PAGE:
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Organic diet does not reduce cancer risk, finds large study

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Eating pesticide-free organic food does nothing to reduce a woman’s risk of cancer, a study has found.

Researchers asked 600,000 women aged 50 or over whether they ate organic food and monitored their health for nine years.

In total, around 50,000 of the women developed one of 16 of the most common cancers during the study period.

But a comparison between 180 women who never ate organic food and 45,000 who “usually” or “always” chose organic found no difference in overall cancer risk.

In fact, a small increased risk of breast cancer was seen in organic consumers. However, this result could be due to other factors or pure chance, the scientists said.

A reduction in the risk of the blood cancer non-Hodgkin lymphoma was also linked to eating organic, but again scientists said this may not be a genuine association.

“We found no evidence that a woman’s overall cancer risk was decreased if she generally ate organic food”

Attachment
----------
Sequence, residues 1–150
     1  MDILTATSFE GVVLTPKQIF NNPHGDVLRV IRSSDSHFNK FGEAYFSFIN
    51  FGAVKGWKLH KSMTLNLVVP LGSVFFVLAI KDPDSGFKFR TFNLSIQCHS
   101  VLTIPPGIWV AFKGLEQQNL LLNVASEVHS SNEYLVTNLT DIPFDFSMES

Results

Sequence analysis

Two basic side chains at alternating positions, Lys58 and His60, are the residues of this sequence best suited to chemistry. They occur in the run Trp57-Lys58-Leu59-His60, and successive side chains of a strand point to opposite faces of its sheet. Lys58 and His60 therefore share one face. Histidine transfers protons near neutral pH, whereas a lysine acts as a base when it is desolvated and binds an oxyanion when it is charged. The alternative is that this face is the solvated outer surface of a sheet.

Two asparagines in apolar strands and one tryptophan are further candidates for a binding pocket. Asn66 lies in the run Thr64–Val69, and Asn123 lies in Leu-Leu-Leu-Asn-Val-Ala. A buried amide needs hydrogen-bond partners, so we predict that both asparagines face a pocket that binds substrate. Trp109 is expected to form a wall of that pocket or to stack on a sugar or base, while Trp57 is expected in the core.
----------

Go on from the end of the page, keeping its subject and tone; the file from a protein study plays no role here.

Tim Key

Professor Tim Key, a Cancer Research UK-funded scientist at Oxford University, said: “In this large study of middle-aged women in the UK we found no evidence that a woman’s overall cancer risk was decreased if she generally ate organic food.

“More research is needed to follow-up our findings of a possible reduction in risk for non-Hodgkin lymphoma.”

There are concerns that widely used pesticides might increase cancer risk, but so far the evidence has been inconclusive.

Conventionally grown fruit and vegetables contain very small pesticide residues.

The new findings appear in the British Journal of Cancer, which is owned by Cancer Research UK.

“Eating a well-balanced diet – whether conventionally grown or not – can help reduce cancer risk”

Claire Knight

Dr Claire Knight, the charity’s health information manager, said: “This study adds to the evidence that eating organically grown food doesn’t lower your overall cancer risk.

“Scientists have estimated that over 9% of cancer cases in the UK may be linked to dietary factors, of which almost 5% are linked to not eating enough fruit and vegetables.

“So eating a well-balanced diet which is high in fruit and vegetables – whether conventionally grown or not – can help reduce cancer risk.”

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